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History of the Earths Atmosphere

  • Date Submitted: 03/21/2015 12:35 PM
  • Flesch-Kincaid Score: 54.9 
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History

Earth is believed to have formed about
5 billion years ago. In the first 500 million years a dense atmosphere emerged from the vapor and gases that were expelled during degassing of the planet's interior. These gases may have consisted of hydrogen (H2), water vapor, methane (CH4) , and carbon oxides. At 3.5 billion years ago the atmosphere probably consisted of carbon dioxide (CO2), carbon monoxide (CO), water (H2O), nitrogen (N2), and hydrogen (H2).
The hydrosphere was formed 4 billion years ago from the condensation of water vapor, resulting in oceans of water in which sedimentation occurred.
The most important feature of the ancient environment was the absence of free oxygen. One billion years ago, early aquatic organisms called blue-green algae began using energy from the Sun to split molecules of H2O and CO2 and recombine them into organic compounds and molecular oxygen (O2). This solar energy conversion process is known as photosynthesis. Some of the photosynthetically created oxygen combined with organic carbon to recreate CO2 molecules. The remaining oxygen accumulated in the atmosphere.   As oxygen in the atmosphere increased, CO2 decreased.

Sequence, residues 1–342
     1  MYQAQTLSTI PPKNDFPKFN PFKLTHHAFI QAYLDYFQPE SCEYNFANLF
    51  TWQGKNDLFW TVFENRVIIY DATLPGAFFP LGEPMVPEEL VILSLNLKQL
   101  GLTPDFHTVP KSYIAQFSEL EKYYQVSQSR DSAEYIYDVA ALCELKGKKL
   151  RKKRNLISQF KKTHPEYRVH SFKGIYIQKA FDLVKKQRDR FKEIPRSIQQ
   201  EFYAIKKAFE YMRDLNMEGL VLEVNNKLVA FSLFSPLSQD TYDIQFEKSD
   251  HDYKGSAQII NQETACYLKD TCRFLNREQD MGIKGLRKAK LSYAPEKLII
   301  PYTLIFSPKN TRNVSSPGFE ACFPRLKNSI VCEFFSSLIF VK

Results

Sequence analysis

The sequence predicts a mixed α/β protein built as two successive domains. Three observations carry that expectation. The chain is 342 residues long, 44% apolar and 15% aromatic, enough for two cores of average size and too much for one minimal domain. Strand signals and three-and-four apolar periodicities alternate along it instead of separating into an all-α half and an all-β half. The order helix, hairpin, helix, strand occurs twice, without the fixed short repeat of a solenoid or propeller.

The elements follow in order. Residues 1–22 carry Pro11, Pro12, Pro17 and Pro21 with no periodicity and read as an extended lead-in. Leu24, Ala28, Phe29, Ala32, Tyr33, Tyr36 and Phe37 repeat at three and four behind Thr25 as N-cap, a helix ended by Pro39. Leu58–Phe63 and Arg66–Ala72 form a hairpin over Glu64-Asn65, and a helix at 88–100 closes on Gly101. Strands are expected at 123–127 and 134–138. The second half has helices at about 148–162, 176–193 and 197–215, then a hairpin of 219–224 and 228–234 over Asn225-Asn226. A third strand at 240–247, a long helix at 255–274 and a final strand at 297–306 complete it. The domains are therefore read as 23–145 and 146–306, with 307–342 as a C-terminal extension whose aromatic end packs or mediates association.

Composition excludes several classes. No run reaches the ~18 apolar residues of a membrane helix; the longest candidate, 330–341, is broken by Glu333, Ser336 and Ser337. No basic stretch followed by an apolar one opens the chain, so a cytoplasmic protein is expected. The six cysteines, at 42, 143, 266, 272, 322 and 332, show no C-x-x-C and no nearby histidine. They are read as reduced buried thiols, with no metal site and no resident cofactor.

High in the atmosphere, some oxygen (O2) molecules absorbed energy from the Sun's ultraviolet (UV) rays and split to form single oxygen atoms. These atoms combining with remaining oxygen (O2) to form ozone (O3) molecules, which are very effective at absorbing UV rays. The thin layer of ozone that surrounds Earth acts as a shield, protecting the planet from irradiation by UV light.
The amount of ozone required to shield Earth from biologically lethal UV radiation is believed to have been in existence 600 million years ago. At this time, the oxygen level was approximately 10% of its present atmospheric concentration. Prior to this period, life was restricted to the ocean. The presence of ozone enabled organisms to develop and live on the land. Ozone played a significant role in the evolution of life...

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